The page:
In Ethan Frome, another realist text, the reader catches another glimpse of female sensibility, where the lovers almost literally die for love. Mattie, Ethan's illicit paramour, proposes that she and Ethan commit suicide by crashing the carriage into an elm tree. The couple has endured sexual tension, and seeing that their desires can never be legitimately fulfilled, Mattie suggests suicide (crashing their sled into an elm tree) as the only solution. Mattie's sentimental spontaneity is damaging. The elm tree signifies death, seeing that it traditionally served as raw material to construct coffins and gravestones. Consequently, the death metaphor here is confirmed as the main objective. Mattie complains that she has no one to love, that no one loves her, and that she is homeless – for her life is barren. Dying for love is an action which a sentimental, romantic protagonist would perform. Wharton makes Shakespearean parallel to Ethan's and Mattie's attempted suicide and punishes their passionate sentimentality, allowing them to live and suffer. Mattie's sentimental spontaneity is featured in characters who long for love such that they cannot live without it, imitating Romeo and Juliet. In Shakespeare's tragedy, Romeo and Juliet, sentimentality has mortal consequences, where both lovers die because of sentimental illusions and misunderstandings. "There is nothing at all probable in the events which culminate in the deaths of Romeo and Juliet; indeed, improbability – 'misadventured piteous overthrows' is exactly what Shakespeare invites us to consider" (Doody 200). Love induces death in this tragicomedy, where lovers choose to die instead of living apart. Illusion and realism war against each other within realist characters, where sentimentality sometimes beclouds and influences their judgments. Without contemplating bodily ravages, the sentimental characters uncontrollably pour out their feelings and seal their own mortal fate.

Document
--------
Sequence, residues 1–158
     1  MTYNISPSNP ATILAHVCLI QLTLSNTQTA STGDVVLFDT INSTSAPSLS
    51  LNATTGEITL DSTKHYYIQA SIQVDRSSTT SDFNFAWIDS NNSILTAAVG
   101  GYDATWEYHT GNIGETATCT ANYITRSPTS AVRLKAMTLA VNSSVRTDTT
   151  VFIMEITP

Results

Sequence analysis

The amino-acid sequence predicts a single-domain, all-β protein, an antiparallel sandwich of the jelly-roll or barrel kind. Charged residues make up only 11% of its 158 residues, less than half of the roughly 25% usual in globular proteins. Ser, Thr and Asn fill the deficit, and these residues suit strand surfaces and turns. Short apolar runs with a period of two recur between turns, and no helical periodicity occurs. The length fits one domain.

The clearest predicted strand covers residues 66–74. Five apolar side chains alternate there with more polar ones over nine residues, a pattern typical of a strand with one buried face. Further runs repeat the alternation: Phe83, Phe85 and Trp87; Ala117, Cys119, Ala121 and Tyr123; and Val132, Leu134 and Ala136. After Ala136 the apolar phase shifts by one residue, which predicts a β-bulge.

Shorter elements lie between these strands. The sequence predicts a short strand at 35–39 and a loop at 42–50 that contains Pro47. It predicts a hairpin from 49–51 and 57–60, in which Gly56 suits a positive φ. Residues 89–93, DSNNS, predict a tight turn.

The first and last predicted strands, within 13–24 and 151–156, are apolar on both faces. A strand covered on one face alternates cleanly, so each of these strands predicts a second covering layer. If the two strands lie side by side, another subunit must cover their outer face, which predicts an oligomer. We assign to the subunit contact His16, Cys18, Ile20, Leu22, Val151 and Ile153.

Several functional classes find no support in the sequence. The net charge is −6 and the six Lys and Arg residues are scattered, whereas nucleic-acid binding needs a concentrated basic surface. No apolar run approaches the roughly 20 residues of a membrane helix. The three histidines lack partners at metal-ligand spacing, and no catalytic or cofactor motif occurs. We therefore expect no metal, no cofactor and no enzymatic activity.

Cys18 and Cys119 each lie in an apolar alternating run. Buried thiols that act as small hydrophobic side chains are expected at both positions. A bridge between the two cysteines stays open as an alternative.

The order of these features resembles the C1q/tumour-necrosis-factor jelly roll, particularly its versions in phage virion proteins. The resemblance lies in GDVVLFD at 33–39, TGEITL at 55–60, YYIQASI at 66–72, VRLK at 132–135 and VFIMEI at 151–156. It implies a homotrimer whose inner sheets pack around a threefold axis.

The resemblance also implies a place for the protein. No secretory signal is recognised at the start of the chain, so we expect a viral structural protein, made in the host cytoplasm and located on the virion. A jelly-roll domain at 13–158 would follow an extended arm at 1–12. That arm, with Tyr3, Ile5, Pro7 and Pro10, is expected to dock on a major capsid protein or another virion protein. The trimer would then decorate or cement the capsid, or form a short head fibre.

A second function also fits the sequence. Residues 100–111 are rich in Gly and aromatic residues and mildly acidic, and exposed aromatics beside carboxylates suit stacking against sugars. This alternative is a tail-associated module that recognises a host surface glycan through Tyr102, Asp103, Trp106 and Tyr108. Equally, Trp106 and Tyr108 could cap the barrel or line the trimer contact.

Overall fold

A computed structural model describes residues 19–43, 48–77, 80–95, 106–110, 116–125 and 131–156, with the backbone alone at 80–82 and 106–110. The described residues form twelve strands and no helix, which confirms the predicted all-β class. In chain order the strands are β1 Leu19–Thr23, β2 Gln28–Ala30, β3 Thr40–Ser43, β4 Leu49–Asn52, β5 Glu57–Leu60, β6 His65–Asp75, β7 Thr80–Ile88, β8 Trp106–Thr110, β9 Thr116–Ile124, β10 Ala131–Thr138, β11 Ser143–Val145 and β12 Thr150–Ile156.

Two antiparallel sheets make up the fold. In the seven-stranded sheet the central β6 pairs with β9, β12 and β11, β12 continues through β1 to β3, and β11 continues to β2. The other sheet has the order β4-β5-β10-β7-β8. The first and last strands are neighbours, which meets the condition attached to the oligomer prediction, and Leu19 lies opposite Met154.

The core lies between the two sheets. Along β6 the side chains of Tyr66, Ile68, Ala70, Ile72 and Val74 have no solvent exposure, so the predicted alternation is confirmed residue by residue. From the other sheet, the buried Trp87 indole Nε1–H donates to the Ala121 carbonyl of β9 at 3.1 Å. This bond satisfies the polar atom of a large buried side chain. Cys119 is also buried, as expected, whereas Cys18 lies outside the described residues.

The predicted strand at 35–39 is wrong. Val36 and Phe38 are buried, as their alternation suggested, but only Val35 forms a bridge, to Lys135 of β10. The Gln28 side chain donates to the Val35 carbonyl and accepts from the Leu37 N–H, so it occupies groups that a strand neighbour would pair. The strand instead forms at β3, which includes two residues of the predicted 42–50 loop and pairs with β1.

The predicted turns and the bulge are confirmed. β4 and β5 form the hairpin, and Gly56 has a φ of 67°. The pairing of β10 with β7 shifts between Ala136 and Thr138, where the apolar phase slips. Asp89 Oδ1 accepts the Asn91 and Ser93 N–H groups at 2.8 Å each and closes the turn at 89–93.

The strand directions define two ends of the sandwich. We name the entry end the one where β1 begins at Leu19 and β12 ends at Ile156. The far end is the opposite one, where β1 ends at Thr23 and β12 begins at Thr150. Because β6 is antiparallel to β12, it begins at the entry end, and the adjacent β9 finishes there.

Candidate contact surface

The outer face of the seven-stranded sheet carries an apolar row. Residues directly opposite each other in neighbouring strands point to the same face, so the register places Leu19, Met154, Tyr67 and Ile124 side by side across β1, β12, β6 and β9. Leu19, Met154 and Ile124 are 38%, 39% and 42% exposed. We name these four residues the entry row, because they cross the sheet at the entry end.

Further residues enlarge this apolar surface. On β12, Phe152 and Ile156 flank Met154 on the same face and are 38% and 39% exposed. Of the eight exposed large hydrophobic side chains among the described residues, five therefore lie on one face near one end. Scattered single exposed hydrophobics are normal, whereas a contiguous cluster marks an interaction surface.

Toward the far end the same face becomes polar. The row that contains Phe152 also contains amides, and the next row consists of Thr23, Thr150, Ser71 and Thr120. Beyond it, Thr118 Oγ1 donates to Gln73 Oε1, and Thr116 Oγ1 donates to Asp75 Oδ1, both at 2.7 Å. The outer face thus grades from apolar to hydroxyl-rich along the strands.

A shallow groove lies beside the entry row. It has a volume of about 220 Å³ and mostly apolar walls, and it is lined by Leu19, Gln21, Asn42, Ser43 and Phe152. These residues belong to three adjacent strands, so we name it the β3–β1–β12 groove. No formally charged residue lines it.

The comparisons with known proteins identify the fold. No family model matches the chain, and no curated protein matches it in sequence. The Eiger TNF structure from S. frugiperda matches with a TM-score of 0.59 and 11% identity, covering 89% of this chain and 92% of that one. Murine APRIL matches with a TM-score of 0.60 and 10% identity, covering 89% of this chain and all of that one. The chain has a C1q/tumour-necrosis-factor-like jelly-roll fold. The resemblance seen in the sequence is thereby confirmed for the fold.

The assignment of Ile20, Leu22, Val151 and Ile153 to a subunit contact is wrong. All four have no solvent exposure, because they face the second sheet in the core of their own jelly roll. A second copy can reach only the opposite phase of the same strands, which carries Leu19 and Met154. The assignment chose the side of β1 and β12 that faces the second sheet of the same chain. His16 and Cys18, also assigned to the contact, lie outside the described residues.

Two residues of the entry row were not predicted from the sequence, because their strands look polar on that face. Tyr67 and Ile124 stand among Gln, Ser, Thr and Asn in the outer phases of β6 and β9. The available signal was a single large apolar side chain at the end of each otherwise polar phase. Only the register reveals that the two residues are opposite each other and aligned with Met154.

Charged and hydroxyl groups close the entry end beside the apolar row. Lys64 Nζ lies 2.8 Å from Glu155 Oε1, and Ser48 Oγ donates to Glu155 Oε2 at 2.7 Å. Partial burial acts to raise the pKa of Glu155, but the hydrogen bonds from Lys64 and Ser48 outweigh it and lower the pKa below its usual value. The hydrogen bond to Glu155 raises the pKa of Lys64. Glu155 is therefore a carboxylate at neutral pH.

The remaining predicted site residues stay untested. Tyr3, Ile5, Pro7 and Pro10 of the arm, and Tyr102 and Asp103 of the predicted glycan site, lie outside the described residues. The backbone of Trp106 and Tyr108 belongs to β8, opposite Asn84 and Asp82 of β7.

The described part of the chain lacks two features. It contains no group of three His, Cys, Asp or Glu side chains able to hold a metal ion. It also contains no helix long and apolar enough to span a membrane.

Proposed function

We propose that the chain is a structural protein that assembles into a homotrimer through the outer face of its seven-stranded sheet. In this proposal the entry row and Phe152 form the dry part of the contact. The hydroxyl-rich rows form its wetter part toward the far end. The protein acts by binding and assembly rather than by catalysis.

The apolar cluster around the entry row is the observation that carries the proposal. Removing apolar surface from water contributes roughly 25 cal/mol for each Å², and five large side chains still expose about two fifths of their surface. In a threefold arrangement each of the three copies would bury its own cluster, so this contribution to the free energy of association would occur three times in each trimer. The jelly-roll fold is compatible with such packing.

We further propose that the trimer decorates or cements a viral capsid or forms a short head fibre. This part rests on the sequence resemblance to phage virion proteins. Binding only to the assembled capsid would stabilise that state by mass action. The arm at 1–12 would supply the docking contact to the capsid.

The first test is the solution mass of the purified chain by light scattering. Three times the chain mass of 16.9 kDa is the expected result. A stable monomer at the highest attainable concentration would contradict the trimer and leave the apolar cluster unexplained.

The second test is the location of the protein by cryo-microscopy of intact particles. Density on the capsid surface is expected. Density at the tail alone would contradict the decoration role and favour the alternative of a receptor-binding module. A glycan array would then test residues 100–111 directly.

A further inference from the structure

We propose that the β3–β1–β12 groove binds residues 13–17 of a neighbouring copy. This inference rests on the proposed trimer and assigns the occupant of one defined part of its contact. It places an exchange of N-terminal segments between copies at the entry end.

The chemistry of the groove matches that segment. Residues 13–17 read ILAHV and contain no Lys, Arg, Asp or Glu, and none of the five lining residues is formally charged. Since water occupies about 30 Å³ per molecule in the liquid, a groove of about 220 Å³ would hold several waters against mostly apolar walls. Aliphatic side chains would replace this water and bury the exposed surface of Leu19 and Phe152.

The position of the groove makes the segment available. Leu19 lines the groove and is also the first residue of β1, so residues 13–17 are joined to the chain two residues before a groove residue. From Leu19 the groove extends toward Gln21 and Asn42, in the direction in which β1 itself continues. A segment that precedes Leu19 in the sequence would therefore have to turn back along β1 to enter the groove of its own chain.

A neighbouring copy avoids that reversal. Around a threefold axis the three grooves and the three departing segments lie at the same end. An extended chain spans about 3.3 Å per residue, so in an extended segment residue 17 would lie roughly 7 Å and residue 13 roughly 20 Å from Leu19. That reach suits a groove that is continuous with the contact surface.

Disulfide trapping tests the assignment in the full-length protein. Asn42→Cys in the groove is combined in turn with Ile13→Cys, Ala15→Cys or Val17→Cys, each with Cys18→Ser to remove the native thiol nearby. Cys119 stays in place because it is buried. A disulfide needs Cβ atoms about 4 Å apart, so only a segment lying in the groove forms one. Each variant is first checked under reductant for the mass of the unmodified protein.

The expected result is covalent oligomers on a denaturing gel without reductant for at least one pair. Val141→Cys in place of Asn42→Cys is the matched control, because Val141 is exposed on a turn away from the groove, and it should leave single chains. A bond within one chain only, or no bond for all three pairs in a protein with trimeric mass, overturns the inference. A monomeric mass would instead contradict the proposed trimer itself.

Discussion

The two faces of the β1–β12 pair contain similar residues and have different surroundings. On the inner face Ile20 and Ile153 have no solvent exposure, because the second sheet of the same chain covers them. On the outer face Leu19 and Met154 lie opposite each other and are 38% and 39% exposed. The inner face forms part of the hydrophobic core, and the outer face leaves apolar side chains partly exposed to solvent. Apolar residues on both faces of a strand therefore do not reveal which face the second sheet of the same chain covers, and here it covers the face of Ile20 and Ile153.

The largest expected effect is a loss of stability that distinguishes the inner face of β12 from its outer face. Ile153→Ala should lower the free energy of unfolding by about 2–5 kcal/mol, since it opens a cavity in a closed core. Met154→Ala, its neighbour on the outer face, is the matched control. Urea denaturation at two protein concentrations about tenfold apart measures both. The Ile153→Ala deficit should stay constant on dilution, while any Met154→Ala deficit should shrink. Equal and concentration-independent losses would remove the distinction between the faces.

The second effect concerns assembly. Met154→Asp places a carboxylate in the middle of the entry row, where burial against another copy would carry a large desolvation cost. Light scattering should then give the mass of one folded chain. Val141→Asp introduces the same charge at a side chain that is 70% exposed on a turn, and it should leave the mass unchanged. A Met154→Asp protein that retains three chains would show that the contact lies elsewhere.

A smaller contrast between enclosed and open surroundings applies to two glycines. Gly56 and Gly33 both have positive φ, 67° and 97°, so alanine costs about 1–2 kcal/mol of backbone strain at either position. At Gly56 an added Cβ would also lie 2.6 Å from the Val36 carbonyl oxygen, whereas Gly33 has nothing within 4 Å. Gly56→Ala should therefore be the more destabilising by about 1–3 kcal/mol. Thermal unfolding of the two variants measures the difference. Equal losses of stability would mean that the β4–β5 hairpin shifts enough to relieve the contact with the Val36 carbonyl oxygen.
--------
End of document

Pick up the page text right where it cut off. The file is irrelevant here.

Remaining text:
Often, sentimental characters unrealistically live in the world of the books they read. As previously established, sentimentality is a weak feminine trait. In House Behind the Cedars, Judge Straight condemns his own sentimentality when he confesses that "in a moment of sentimental weakness and of quixotic loyalty" (Chesnutt 79), he helps John, his friend's son, pass for white. The reason why Judge Straight criticizes himself is because he sees that it is unrealistic to try to change an individual's nature in a prejudiced land, where laws discriminate between Blacks and Whites. The real truth has to be revealed sooner or later, however, Judge Straight feels himself bound to friendship with a deceased man, playing a game of illusion. The harsh reality is that Judge Straight's friend is a dissolute man who neglected his family. The woman is often referred to as the "weaker sex"; therefore, one sees the connections between sentimentality, weakness and the female sex. Moreover, Judge Straight genders sentimentality as feminine in placing a label of weakness. He parallels sentimental weakness with Don Quixote, an absurd, chivalrous knight who has illusions which make him comical and bizarre. The knightly novels which Don Quixote reads absorb and influence him to such a degree, that he fantasizes doing heroic exploits, visualizes non-existent objects, and romanticizes events. "Don Quixote labors under illusions and enchantments … which he cannot rationalize" (Wilkie 206). Don Quixote is the paragon of illusion. He represents the ridiculous because of he is unable to perceive and live in reality. In the same way, the sentimental novel compares sentimentality as quixotic. It glosses events and gilds characters. This example further ridicules sentimentality, casting aspersions on the sentimental novel.

In sum, realism opposes sentimentality in all its forms: published in novels and applied in daily life. Realism advocates an unexaggerated, ungilded portrait of characters and events because of the tendency to go to extremes. The realist era reacts against romanticism which sentimentally idealizes life. Absurd characters, imitation, proverbial wisdom, and caustic reprimands work to undermining sentimentality. Realism and sentimentality are irreconcilable because the characters "of sensibility, energetically courted emotions that then took over, got out of control, and were therefore attributable to the workings of destiny" (Tanner 134). Realism advocates man's ability to rise above his feelings and circumstances and choose, change, and progress.